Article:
WaW swap

There, they very much "engineered to redistribute men vs. women," because Probst is holding separate trays of wrapped buffs, one for men and one for women to draw from. This ensured that two of the three new tribes had three men and one had two, and that they didn't end up with some wonky distribution with like Wendell, Yul, Jeremy, Ben, and Tony all on one tribe.

And you know what? The WaW swap mechanism is perfectly fine! If you want roughly balanced swaps, that's a good way to do it! What does Probst hope to gain by pretending otherwise?

Part of the agenda of the podcast is clearly to reassure fans that the show is completely above board, everything is pre-planned, and they never do anything to favor a particular outcome. This comes up frequently in Probst's banter. And for the most part, that's reasonably accurate, but WHY lie about this minor detail, especially when it is so easily disproven?

It's not like Probst doesn't remember holding two trays of buffs when he did this four short years ago (and most of the seasons before that). So why lie? That does the opposite of reassuring fans that Survivor is on the up and up. Rather, it makes you question everything Probst says, and look for what kind of angle he's trying to play. It creates DIStrust in the showrunner. For a show that's based on misleading your companions, and where trust is the ultimate currency, that ought to be obvious.

The Ghost Island of unaired advantages

The Ghost Island of unaired advantages

As mentioned on "On Fire..." (Ep1), the premiere had an unaired advantage, via which Kendra got to spend the post-IC portion of Day 3 at Lulu camp, observing, taking notes, and making alliances (and casting an unaired and uncounted vote for Brandon).

From Brando's exit interviews, we learned this week that he discovered an apparent advantage of some kind in his swap buff. He pocketed it on the mat, intending to read it private later, but was called away for a confessional shortly after returning to Belo camp. The producer then asked for and kept the advantage, before Brando had even had a chance to read what it was.

We also know there was an idol nullifier in Survivor 42's fish reward for Taku, which Jonathan almost lost, but Omar discovered (with Jonathan present), and kept, but it never made it onto the show, because it was (thankfully) unused.

Going back to Edge of Extinction, there have also been a number of recent reward challenges that were cut for time, as well. (Nobody from the show has ever mentioned this, but there was also an episode of Island of the Idols that lacked a trip to the island, which I suspect was because a certain player who shall not be named went on it ... a reasonable part to excise from the show.)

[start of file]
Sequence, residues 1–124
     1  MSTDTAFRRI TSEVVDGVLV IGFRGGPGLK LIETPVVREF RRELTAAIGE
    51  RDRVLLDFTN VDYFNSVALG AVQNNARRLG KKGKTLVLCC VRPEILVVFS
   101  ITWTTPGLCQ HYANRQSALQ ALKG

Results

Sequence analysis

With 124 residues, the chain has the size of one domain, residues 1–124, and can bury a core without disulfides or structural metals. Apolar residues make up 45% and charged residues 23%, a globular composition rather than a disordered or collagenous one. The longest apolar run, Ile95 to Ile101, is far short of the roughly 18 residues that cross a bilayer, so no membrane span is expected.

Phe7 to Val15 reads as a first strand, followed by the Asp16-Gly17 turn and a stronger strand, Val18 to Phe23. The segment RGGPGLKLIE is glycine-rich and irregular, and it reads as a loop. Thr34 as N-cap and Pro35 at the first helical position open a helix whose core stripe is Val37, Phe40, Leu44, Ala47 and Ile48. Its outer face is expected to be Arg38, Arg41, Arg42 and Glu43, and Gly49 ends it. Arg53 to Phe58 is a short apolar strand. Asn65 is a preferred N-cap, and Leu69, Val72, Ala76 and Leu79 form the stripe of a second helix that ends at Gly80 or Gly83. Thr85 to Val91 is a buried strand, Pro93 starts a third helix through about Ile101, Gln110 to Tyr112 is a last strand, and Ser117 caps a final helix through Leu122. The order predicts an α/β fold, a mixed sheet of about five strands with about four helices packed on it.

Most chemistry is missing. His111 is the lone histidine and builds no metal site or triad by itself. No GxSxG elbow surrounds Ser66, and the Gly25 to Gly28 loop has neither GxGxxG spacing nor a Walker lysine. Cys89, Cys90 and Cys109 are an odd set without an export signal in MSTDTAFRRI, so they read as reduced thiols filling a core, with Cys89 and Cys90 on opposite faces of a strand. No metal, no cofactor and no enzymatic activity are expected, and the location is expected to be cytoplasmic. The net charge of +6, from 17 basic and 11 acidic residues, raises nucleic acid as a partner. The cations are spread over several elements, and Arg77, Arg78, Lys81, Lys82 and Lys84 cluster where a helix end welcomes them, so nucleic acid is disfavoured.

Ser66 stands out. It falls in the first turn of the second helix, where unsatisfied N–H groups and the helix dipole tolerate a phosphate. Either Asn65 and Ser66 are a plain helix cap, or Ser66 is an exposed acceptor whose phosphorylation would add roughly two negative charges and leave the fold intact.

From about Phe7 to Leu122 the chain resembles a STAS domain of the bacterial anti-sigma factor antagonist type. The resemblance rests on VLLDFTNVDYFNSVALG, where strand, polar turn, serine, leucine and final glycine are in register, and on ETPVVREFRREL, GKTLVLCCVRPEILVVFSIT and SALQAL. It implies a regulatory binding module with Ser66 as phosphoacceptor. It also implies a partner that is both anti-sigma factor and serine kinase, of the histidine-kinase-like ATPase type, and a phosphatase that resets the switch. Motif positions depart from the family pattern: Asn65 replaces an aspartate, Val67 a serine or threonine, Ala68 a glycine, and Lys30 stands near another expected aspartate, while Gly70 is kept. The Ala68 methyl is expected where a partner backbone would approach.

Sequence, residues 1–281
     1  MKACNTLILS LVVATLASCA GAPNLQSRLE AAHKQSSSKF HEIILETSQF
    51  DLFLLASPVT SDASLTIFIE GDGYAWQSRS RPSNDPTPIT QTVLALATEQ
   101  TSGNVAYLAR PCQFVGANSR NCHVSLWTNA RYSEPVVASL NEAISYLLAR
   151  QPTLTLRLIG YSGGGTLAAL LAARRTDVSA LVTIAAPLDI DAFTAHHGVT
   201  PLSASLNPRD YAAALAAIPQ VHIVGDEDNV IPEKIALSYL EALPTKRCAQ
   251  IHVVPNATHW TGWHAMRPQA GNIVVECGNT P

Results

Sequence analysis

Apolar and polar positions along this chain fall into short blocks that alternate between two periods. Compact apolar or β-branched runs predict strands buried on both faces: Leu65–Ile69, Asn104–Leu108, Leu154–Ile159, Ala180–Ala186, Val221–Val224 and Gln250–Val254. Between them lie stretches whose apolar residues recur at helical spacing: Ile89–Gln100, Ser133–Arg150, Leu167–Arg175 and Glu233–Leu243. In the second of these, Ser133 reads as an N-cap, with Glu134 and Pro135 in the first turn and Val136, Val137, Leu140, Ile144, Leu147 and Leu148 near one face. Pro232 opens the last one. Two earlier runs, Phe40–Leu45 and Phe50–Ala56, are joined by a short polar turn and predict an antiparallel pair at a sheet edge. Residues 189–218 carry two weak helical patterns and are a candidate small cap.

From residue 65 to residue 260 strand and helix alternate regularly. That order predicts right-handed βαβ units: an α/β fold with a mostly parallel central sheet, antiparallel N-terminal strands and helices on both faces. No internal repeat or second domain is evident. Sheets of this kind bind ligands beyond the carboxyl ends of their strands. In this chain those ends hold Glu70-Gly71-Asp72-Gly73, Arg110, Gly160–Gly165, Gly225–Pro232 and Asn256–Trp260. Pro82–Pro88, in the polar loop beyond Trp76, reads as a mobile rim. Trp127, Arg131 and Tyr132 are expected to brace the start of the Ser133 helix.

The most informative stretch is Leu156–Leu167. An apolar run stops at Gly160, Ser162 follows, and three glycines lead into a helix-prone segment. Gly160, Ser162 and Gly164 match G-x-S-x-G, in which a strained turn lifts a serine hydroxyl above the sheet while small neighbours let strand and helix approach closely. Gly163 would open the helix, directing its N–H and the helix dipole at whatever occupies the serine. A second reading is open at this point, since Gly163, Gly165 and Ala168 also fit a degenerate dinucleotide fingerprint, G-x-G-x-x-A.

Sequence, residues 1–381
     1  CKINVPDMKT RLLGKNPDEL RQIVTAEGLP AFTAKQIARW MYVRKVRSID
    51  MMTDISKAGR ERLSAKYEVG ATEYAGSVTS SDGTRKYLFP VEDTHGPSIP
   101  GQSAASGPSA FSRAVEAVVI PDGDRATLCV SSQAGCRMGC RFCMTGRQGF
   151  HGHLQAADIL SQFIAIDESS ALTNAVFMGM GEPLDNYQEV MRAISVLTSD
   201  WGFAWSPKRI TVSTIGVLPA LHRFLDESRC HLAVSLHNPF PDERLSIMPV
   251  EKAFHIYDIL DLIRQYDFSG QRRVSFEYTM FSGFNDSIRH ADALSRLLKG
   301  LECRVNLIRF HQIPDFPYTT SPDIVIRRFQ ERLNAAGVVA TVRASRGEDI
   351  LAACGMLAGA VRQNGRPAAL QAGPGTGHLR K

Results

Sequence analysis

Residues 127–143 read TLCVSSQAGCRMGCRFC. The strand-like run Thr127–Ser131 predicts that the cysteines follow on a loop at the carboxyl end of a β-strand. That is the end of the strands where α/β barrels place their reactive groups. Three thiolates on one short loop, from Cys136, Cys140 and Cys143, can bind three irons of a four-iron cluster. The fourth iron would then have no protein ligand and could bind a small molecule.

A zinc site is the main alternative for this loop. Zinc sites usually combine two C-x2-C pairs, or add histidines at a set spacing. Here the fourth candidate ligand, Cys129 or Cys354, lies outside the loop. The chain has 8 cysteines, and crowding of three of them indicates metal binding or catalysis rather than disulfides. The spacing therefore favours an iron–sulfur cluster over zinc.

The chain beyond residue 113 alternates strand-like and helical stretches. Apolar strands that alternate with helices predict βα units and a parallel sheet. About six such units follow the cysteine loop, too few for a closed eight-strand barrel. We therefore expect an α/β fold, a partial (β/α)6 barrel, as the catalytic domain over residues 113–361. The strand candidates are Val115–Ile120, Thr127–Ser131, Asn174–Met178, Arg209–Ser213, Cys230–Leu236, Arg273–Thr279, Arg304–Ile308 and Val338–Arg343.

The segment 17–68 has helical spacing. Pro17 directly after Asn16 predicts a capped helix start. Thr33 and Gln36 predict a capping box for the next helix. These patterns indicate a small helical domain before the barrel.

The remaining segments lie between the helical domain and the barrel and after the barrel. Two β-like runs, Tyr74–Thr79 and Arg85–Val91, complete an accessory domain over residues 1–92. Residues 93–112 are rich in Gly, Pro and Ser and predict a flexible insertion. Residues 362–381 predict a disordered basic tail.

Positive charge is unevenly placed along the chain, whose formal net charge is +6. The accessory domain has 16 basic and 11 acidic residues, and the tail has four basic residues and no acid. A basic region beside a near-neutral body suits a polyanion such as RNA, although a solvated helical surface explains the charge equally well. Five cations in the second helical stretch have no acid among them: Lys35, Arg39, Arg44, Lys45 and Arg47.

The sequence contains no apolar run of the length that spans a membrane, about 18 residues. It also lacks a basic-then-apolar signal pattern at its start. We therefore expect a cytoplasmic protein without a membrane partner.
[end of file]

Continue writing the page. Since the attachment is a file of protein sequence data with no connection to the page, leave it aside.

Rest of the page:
It's remarkable that there are so many major elements to the show that never make it into the final version. Two more advantages just this season does seem like a lot. It's possible that Brando's advantage will be reused in a later season, but what was the point of putting it into the game, then immediately thinking better of it?

One possibility, which Brando himself suggests, is that it was something that needed to be played on the spot during the swap - (again, as suggested by Brando, a possibility that he admitted to Rob Cesternino has haunted him since he was voted out) perhaps it allowed him to better his position, and immediately re-swap himself for another player, if possible?

That seems the most likely - or at least some other action that had to be performed immediately post-swap - because it's deeply unlike this show to say to itself, "No, that's too many advantages." Plus it's sort of similar to SurvivorSA's "diplomatic immunity" advantage, which allows the bearer to change tribes after an IC.

Oh well, looking forward to a future Ghost Island 2 season, where it's all unaired challenges (a staple since Borneo!) and advantages. (Except of couse the IotI trip, but feel free to have Boston Rob and Sandra secretly observe Tribal again instead.)

Shorter takes

Shorter takes

Just you wait - Austin, starving on Day 10: "Day 10 has got to be THE most difficult day yet on Survivor."

Austin, Day 11, having been talked out of sandwiches and having to go back to camp and lie about getting an "advantage" he definitely did not want: "This has got to be ... probably the worst day in my Survivor career." Fantastic bookending of the episode.

"You're okay. It's not poop, it's dirt" - Brando, trying to convince Kendra to eat the worm: "(It's) 70% protein!" ... pause ... "30% poop." Between this and Kendra's absolutely perfect "If Lulu comes over here [to raid our camp], I will lose my [expletive] ... pause ... [fake smile]" confessional in Ep.3, it feels like we missed out on some comedic gold by rarely visiting Belo camp.

Jeff Pitman's recapsJeff Pitman is the founder of the True Dork Times, and probably should find better things to write about than Survivor. So far he hasn't, though. He's also responsible for the Survivometer, calendar, boxscores, and contestant pages, so if you want to complain about those, do so in the comments, or on twitter: @truedorktimes